For much of the time, and in most but not all human social groupings, gender has been determined at birth based on the external appearance of the baby’s body. Depending on the external genitalia, babies have been determined to be either male or female, which sets in motion socialization processes that are both overt and covert; conscious and unconscious on the part of the involved individuals and society as a whole. In the past, expectant parents had to wait until the moment of birth to see the baby’s sex.
Now, with the regular use of ultrasound technology, parents can see the baby in utero and can make sex determination before birth, based on the presence or absence of a penis. At the point of development where external genitals are visible in an ultrasound image, the baby’s cognitive and auditory systems are functioning and processing in- coming sensory stimuli. As soon as the parents or ultrasound technician proclaim “It’s a boy/girl!” the fetus is then subject to the construction of its gendered identity as the mother and others begin to conceptualize the infant in one category of gender or the other. Even in utero, the baby can hear the external voices and on some implicit level begins to absorb and internalize the views of the external world, including that world’s perceptions of the infant (Tronick, 2007).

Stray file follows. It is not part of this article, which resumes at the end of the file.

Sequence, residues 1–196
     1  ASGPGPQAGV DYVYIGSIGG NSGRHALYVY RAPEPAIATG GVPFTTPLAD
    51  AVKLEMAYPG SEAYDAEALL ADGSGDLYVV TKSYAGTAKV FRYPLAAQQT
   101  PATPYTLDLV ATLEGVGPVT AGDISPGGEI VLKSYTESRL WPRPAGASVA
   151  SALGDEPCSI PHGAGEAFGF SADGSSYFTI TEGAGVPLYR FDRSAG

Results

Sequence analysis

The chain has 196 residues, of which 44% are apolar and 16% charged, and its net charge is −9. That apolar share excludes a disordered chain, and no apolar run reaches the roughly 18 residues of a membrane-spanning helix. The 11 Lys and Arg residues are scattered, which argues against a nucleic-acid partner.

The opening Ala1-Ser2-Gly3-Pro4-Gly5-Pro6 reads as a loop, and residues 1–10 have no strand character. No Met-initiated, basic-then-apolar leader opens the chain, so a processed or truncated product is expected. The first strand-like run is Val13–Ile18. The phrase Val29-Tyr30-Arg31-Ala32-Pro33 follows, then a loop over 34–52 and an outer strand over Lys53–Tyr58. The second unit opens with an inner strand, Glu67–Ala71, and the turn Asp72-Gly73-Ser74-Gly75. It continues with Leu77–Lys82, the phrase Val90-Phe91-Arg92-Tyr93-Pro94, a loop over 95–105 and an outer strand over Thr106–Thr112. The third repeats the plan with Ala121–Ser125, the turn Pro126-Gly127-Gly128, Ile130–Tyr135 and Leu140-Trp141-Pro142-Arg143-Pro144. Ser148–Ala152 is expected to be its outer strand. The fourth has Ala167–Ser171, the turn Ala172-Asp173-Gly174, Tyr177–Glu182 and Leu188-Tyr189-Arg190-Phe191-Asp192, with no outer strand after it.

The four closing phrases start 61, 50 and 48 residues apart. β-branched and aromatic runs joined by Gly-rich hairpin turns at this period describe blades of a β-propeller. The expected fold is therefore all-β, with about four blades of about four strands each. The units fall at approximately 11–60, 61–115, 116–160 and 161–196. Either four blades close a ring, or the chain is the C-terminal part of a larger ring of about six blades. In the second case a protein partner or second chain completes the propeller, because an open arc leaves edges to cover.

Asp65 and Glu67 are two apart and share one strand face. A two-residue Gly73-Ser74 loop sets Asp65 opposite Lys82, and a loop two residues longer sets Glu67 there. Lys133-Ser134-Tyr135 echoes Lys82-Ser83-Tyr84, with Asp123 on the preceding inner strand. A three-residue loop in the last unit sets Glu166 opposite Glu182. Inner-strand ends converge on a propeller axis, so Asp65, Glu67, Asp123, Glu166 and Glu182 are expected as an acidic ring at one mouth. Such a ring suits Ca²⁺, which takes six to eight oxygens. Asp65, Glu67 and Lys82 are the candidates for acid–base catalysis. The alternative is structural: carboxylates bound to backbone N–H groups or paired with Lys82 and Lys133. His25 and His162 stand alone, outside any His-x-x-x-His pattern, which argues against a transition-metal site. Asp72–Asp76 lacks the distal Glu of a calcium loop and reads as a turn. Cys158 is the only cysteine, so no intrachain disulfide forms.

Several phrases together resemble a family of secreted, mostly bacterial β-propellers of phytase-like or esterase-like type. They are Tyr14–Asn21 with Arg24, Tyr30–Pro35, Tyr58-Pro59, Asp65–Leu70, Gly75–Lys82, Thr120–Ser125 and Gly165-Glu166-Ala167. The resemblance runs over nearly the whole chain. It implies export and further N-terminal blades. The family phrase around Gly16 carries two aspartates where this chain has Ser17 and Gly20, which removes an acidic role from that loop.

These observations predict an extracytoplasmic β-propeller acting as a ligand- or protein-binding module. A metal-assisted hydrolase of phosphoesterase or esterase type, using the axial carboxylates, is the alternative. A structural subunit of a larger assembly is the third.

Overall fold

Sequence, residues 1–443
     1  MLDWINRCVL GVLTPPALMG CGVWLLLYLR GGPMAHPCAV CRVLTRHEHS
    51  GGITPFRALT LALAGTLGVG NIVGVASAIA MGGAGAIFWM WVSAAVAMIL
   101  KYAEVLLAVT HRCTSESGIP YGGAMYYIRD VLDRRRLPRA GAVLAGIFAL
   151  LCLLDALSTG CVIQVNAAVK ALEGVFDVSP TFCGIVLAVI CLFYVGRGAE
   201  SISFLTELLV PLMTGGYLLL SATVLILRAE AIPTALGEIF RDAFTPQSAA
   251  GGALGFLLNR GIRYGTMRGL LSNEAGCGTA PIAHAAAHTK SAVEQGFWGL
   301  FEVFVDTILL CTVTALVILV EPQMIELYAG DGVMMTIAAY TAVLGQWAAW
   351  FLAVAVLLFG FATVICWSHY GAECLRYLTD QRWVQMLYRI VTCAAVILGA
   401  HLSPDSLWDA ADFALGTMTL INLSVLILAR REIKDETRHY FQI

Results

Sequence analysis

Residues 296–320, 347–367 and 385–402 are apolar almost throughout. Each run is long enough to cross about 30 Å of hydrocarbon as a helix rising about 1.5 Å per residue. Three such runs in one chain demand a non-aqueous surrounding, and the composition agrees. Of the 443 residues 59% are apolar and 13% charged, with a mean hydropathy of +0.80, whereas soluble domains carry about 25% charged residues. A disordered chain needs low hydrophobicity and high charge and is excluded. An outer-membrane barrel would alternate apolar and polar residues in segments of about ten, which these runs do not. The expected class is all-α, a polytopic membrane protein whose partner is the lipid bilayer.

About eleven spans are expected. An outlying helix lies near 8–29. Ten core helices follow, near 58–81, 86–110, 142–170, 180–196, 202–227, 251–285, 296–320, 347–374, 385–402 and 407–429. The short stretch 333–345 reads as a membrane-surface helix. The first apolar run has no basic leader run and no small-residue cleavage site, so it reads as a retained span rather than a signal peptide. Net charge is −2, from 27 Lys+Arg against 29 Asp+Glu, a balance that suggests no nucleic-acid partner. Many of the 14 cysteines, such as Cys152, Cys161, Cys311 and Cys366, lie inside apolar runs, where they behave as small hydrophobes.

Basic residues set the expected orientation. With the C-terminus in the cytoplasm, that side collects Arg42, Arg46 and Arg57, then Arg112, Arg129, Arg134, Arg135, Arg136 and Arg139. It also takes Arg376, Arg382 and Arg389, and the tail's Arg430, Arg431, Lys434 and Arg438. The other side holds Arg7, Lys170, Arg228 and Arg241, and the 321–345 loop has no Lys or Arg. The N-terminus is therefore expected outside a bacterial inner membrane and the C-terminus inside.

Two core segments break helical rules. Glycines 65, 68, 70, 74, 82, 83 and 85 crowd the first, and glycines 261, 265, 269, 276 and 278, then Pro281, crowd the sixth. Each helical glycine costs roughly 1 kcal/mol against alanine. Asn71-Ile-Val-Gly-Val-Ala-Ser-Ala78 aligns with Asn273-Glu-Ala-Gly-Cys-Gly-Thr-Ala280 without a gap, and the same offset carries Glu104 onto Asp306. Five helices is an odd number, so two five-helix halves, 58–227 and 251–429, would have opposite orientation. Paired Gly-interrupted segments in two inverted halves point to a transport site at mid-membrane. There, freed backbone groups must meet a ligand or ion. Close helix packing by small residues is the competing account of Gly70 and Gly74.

The ultrasound image, however, does not always reveal the whole story. Throughout history, there has been a record of babies born with ambiguous genitalia. In the past, these individuals were called hermaphrodites, based on their external body parts. Hermaphrodites were a fairly consistent, if not common occurrence in human social groupings, but only accounted for those individuals who had obvious external differences. In the present day, the term “hermaphrodite” has been replaced with “intersex” (Fausto-Sterling, 2000). Sources vary, but it is estimated that 1 in 2000 babies are ambiguous or ‘difficult to classify’ (Hockenberry Dragseth, 2015), 1.7% according to Fausto-Sterling (2000), and that even up to 1 in 100 births are intersex (Dreger, 1998). Today babies who are born with ambiguous genitalia often disappear from society because the common practice has been to surgically “correct” their bodies and to reintroduce them to society as a boy or a girl, thus maintaining the binary-gender system (Fausto-Sterling, 2000).